A crucial prediction of perceptual load theory is that high perceptual load can eliminate interference from distractors. However, Lavie et al. (Psychol Sci 14:510–515, 2003) found that high perceptual load did not eliminate interference when the distractor was a face. The current experiments examined the interaction between familiarity and perceptual load in modulating interference in a name search task. The data reveal that high perceptual load eliminated the interference effect for unfamiliar distractors that were faces or objects, but did not eliminate the interference for familiar distractors that were faces or objects. Based on these results, we proposed that the processing of familiar and natural stimuli may be immune to the effect of perceptual load.
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The current study was supported by the National Natural Science Foundation of China (Grant No. 30700226), the Key Discipline Fund of National 211 Project (Grant No. NSKD08010), and the China Postdoctoral Science Foundation (Grant No. 20080431271). Thanks are due to two anonymous reviewers and Bernhard Hommel for their helpful comments on an earlier draft, and to Robert West for his comments and language corrections.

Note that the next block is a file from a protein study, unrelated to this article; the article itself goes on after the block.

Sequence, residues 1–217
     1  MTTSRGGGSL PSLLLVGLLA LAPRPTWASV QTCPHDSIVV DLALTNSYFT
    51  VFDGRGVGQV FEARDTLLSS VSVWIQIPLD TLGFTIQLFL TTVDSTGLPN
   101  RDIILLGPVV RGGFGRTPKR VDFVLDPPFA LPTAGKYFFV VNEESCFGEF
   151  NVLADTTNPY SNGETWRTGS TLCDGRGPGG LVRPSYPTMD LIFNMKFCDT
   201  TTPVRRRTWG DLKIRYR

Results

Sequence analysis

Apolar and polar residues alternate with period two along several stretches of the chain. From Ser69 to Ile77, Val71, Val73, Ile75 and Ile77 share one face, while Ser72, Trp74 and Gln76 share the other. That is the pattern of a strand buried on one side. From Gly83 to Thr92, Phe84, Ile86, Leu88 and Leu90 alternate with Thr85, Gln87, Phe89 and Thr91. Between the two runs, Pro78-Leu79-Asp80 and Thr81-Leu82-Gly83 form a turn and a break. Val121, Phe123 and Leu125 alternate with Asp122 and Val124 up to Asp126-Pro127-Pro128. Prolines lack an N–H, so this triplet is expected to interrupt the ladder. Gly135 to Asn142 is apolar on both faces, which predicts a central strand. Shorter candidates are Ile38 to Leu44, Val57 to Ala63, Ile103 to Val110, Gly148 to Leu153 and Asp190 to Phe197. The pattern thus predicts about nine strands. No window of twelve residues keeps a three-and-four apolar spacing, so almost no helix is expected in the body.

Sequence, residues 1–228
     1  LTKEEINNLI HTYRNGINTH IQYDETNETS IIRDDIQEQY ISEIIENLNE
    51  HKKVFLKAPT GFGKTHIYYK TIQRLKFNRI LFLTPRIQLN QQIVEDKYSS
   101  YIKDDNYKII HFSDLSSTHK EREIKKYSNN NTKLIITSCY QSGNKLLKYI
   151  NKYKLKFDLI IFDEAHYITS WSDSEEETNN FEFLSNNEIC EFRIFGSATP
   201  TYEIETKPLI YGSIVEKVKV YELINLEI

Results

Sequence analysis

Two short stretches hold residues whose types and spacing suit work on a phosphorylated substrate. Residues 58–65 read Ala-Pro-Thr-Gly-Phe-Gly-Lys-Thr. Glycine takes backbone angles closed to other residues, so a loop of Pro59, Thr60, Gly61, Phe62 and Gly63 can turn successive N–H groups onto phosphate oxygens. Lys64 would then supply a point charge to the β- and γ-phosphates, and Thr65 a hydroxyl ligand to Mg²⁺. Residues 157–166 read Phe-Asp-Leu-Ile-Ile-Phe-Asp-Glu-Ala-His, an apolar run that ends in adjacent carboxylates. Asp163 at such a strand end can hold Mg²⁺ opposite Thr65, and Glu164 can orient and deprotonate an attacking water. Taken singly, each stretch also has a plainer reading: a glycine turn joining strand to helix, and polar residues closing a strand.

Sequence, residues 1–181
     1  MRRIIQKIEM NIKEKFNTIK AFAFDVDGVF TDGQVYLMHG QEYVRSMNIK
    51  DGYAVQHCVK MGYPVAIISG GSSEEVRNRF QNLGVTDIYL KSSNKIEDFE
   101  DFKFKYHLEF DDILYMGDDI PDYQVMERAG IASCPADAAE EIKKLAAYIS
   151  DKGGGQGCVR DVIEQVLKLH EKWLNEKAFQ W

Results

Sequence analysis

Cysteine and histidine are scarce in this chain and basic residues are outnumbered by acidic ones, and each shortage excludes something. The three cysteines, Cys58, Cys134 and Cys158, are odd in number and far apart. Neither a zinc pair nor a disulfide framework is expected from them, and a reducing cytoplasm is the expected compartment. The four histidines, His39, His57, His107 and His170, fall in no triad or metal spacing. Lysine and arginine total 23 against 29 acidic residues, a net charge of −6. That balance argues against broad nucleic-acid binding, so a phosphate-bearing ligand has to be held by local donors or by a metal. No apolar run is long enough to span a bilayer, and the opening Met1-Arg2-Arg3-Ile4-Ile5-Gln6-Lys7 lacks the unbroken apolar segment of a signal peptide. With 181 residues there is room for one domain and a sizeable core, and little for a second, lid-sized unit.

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He, C., Chen, A. Interference from familiar natural distractors is not eliminated by high perceptual load. Psychological Research 74, 268–276 (2010). https://doi.org/10.1007/s00426-009-0252-0
- Interference Effect
- Congruency Effect
- Congruent Trial
- Perceptual Load
- Response Time Data